Column: ‘Do you want to be made well.’

Published 2:28 pm Sunday, July 30, 2023

By Bobby Thornhill

“Now there is in Jerusalem by the Sheep Gate a pool, which is called in Hebrew, Be-thes’da, having five porches. In these lay a great multitude of sick people, blind, lame, paralyzed, waiting for the moving of the water. For an angel went down at a certain time into the pool and stirred up the water; then whoever stepped in first, after the stirring of the water, was made well of whatever disease he had. Now a certain man was there who had an infirmity 38 years. When Jesus saw him lying there, and knew that he already had been in that condition a long time, He said to him, ‘Do you want to be made well?’ The sick man answered Him, ‘Sir, I have no man to put me into the pool when the water is stirred up; but while I am coming, another steps down before me.’ Jesus said to him, ‘Rise, take up your bed and walk.’ And immediately the man was made well, took up his bed, and walked. And that day was the Sabbath.” John 5:2-9 (NKJV)

“Do you want to be made well?” seems a ridiculous question, until we see the numbers of Church folk who are satisfied with their, less than holy, condition. Satisfied with coming to church, or going to church, or maybe, doing church, they never make it to the healing place so that they can be made whole and become the Church. Some depend on others to “put them in the pool.” This half-hearted commitment, and the resulting shallow relationship with Jesus is sorely lacking. He seeks our whole-hearted surrender.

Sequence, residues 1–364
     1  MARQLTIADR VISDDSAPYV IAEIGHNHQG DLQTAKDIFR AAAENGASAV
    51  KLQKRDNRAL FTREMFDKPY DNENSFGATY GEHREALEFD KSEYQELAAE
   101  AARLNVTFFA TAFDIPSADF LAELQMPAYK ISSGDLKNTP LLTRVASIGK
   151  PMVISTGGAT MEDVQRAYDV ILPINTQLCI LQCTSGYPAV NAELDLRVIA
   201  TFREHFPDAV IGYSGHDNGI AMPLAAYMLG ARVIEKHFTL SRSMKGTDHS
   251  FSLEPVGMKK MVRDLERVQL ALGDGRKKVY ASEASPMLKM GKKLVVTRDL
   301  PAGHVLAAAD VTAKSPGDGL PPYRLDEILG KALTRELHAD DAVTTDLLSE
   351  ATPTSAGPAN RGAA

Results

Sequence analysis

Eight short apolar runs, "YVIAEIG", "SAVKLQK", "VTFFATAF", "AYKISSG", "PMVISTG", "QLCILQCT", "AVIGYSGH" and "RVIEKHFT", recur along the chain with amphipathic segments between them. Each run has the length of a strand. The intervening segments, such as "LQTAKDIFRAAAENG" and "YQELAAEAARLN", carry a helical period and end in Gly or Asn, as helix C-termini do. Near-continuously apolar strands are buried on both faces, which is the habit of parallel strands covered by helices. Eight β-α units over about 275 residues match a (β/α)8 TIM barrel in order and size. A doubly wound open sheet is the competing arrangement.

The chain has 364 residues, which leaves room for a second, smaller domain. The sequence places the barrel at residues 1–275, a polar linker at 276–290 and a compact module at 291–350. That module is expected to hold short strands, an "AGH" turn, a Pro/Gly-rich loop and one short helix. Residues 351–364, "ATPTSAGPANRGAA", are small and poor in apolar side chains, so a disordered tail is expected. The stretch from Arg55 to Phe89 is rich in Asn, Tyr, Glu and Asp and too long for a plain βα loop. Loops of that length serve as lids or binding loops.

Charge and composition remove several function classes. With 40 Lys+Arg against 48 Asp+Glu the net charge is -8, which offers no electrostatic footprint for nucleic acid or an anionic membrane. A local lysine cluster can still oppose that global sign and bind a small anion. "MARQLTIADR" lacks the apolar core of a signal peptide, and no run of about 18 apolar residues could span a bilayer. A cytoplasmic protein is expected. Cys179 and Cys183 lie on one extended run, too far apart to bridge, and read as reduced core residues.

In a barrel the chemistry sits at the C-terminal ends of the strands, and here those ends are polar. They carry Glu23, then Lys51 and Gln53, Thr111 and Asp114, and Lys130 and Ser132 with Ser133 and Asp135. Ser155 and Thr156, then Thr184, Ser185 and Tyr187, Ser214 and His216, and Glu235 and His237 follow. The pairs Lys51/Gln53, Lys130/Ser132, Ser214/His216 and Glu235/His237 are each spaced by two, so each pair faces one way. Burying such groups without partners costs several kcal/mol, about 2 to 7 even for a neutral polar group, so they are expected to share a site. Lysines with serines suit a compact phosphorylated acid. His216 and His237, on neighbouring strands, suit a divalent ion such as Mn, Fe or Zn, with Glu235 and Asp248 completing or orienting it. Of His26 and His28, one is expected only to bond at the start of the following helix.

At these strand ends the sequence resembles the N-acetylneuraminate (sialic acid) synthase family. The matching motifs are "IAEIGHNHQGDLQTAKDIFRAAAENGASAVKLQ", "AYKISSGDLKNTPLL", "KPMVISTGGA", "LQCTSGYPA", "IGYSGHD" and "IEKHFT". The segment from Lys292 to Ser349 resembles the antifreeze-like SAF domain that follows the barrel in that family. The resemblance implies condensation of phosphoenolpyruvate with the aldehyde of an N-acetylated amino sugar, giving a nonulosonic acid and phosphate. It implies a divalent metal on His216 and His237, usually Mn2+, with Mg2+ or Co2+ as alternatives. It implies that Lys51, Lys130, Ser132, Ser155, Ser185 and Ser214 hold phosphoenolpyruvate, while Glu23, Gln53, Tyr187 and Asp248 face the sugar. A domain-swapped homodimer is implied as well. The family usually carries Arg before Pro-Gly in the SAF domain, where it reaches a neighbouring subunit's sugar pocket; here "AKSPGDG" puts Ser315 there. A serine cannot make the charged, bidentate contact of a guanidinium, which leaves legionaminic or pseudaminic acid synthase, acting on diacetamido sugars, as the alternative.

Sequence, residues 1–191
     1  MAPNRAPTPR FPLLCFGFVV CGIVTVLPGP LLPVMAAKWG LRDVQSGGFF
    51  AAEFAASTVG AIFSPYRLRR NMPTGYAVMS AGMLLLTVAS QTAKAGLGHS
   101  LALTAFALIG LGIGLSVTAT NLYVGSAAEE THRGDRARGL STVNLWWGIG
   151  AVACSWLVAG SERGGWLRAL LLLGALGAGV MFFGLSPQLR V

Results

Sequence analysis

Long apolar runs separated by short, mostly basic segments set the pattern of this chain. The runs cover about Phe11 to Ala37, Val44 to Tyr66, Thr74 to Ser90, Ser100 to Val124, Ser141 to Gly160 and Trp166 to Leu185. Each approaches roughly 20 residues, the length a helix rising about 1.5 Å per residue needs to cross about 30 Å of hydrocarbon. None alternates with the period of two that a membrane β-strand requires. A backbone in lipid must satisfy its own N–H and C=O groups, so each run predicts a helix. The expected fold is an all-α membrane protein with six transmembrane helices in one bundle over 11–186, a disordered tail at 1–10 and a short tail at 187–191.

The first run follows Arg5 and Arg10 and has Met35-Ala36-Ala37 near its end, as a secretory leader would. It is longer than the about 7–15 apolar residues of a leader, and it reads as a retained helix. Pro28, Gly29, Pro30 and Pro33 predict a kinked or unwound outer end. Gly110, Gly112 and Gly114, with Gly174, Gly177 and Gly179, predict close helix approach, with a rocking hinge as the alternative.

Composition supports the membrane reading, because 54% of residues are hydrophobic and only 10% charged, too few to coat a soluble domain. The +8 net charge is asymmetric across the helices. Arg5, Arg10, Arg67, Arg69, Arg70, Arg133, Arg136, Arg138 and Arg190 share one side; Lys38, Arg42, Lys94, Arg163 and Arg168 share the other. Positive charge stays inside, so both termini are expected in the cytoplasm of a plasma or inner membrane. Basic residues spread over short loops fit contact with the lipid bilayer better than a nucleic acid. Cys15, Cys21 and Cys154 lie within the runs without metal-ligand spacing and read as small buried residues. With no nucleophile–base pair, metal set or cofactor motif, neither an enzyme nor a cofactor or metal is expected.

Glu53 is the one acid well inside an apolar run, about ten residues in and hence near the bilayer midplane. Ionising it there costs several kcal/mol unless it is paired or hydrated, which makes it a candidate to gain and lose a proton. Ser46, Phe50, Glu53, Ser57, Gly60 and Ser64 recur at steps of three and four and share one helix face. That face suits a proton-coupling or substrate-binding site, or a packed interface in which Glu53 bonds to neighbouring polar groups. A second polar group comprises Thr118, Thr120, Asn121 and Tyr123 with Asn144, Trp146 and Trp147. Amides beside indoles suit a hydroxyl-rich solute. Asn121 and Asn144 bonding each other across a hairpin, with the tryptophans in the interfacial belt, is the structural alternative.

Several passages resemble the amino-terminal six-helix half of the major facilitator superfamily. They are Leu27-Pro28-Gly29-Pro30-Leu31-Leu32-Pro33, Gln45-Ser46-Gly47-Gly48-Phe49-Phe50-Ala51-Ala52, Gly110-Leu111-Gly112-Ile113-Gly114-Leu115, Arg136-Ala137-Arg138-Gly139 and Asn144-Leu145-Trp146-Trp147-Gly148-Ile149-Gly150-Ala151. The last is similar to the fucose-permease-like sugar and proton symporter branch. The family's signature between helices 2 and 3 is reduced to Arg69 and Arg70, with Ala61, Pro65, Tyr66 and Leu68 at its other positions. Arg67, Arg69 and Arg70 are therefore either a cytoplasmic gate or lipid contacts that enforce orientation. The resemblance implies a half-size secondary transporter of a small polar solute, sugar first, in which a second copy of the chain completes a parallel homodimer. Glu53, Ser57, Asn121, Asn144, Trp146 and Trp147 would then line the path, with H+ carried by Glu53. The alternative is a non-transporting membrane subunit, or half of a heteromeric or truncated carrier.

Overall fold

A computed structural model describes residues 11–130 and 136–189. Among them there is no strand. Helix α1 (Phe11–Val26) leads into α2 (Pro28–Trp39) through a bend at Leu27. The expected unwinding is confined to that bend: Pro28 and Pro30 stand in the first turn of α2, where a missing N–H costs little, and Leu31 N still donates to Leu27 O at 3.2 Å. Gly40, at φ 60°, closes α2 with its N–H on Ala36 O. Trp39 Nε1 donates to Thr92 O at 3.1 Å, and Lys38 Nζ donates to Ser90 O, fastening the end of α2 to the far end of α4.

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There was once a men’s hair treatment slogan: “Brylcream, a little dab will do ya.” It was a great testimony to the effectiveness of Brylcream, not so much for our relationship with Jesus.

We must, as Paul said in Ephesians 4:22, “put off the old man.” Jesus heals our spirit and soul when we receive His grace, it is still our duty to walk in the grace that has made us whole. He didn’t heal us so that we could slink back into a life of half-hearted service and commitment. He heals us so that we can walk away from our sinful nature. Jesus told him to take up his bed and walk; so many get up and walk, only to return to their “bed” of sinfulness. 1 Peter 2:22 tells us, “The dog returns to his own vomit, and the sow, having washed, to her wallowing in the mire.”

“Rise and walk!”